Don’t go in the water!

Doctrine and Covenants Section 61 contains some bizarre stuff. Apparently Joseph Smith and his traveling companions had a rough trip on the Missouri River, so one of them saw a vision of “the destroyer riding in power upon the face of the waters.” This caused Smith to issue another revelation which includes this:

Behold, I, the Lord, in the beginning blessed the waters; but in the last days, by the mouth of my servant John, I cursed the waters. Wherefore, the days will come that no flesh shall be safe upon the waters.

This is apparently why Mormon missionaries are not allowed to swim on their missions (no joke). Some interpreters of this passage say that the revelation only refers to the specific waters of the Missouri River, and some of the language does tend toward that view, but the verses quoted above seem to refer to all waters on the earth. The reference to John seems to refer to Revelation, perhaps something like:

and the third part of the waters became wormwood; and many men died of the waters, because they were made bitter.

Either way, this promise of “no flesh” being safe upon the waters seems like a false prophecy. Next comes a threat to Cincinnati:

And again, verily I say unto you, my servants, Sidney Rigdon, Joseph Smith, Jun., and Oliver Cowdery, shall not open their mouths in the congregations of the wicked until they arrive at Cincinnati; And in that place they shall lift up their voices unto God against that people, yea, unto him whose anger is kindled against their wickedness, a people who are well-nigh ripened for destruction.

One would think that if Cincinnati was ripened for destruction in 1831 the time would be up by now, but apparently not.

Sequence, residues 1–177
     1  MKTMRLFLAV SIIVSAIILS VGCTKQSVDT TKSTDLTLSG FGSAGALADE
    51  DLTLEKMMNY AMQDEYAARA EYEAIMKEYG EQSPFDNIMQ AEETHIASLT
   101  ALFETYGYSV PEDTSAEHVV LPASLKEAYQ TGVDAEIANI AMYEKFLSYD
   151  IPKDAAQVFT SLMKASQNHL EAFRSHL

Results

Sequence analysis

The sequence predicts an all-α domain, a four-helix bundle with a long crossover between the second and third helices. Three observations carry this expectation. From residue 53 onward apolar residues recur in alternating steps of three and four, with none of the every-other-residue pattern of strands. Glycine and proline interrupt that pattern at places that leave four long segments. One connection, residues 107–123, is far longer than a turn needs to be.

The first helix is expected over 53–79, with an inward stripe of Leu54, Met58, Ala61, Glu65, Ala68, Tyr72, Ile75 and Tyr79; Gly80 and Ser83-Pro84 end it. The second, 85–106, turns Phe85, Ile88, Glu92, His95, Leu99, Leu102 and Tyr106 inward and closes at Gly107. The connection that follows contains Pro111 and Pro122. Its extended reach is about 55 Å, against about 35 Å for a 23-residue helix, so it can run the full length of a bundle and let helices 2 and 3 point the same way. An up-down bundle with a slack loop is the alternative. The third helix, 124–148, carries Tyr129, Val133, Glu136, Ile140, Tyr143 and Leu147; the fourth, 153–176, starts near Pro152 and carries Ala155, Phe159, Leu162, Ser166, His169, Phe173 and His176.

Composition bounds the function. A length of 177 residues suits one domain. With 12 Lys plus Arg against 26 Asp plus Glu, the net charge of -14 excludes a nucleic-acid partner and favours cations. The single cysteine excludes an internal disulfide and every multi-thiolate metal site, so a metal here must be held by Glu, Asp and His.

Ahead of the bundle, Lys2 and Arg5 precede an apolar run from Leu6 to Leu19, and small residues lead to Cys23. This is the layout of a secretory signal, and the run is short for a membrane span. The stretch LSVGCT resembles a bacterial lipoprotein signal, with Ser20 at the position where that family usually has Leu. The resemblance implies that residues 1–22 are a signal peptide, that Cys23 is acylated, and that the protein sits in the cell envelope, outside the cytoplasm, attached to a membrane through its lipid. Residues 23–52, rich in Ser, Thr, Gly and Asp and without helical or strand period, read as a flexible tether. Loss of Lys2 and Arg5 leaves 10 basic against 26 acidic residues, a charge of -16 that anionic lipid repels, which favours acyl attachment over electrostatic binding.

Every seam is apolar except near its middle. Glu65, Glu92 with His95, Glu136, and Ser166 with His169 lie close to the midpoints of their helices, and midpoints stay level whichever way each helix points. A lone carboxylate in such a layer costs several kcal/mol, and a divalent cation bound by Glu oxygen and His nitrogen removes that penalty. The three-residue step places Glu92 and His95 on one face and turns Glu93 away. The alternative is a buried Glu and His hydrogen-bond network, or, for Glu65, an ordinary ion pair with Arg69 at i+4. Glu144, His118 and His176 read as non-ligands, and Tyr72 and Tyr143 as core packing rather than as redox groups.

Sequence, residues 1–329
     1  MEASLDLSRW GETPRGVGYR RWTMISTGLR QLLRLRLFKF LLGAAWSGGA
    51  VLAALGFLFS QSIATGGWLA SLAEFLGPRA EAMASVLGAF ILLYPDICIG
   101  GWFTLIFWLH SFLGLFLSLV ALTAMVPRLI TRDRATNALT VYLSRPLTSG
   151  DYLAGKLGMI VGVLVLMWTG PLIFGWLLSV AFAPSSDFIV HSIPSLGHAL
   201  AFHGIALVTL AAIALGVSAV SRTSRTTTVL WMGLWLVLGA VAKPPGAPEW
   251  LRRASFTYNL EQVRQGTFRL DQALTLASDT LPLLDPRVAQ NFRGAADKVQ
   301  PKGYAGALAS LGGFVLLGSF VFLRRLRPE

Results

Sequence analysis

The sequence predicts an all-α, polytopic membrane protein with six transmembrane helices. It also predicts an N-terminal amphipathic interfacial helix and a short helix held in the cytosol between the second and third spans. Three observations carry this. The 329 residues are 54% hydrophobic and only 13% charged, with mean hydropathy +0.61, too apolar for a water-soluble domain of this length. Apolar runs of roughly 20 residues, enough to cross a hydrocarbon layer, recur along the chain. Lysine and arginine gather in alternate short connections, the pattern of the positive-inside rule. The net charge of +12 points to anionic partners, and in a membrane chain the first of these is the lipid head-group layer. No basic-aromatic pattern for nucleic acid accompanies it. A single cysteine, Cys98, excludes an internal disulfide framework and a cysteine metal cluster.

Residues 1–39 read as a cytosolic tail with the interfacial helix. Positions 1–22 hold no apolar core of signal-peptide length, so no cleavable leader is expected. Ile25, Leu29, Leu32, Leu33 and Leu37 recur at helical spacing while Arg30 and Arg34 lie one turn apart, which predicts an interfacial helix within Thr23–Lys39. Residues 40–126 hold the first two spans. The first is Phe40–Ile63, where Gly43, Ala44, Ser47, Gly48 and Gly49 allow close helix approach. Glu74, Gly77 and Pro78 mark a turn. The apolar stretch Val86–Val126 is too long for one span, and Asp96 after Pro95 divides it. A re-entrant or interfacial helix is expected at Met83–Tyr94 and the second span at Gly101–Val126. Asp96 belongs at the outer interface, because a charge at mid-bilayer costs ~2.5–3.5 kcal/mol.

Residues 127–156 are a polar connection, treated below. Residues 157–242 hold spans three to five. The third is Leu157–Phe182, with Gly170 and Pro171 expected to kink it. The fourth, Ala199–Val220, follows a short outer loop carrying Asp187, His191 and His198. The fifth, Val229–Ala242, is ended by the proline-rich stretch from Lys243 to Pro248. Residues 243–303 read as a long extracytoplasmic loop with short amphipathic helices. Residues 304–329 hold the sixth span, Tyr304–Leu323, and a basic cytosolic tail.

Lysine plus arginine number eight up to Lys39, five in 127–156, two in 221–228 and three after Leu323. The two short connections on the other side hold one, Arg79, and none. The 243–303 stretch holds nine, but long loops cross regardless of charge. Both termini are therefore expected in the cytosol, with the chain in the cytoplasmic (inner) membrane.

The Congregations of the Wicked

As previously noted, the attitude of modern Latter Day Saints towards the world is one of near universalism. It is hard to square these beliefs with many statements in LDS Scripture. Today I was reading Doctrine and Covenants, Section 60. In it, God (via Joseph Smith) three times refers to churches that LDS missionaries were to evangelize as “congregations of the wicked.”

This kind of black and white, Abominable Church vs. Pure Church rhetoric is common in the founding documents of Mormonism, but you don’t hear it much from the General Authorities these days. They merely refer to ‘the Apostasy’ which is a catch-all phrase. They generally want to portray modern Protestants and Catholics as well-meaning but mislead. Their attitude is, “we don’t want to take anything you have away, just to come alongside and show you what you are missing in the Fullness of the Gospel.” How this works with our churches being congregations of the wicked is beyond me.

The LDS Church in the Book of Mormon

One of my Christmas presents was the book American Apocrypha, Essays on the Book of Mormon edited by Dan Vogel and Brent Lee Metcalfe. Much of the book is fascinating reading and I am thoroughly enjoying it. In the essay, Historical Criticism and the Book of Mormon: A Personal Encounter by Edwin Firmage, Jr. there is an assertion that I had not heard before. Firmage writes:

The key to this case is the fact that nowhere in the Book of Mormon’s many detailed prophecies of the last days is anything ever said about the establishment of a new church. The nature of God’s work subsequent to the appearance of the Book of Mormon is very vague, particularly so after the detailed prophecies pertaining to Smith’s involvement in the translation.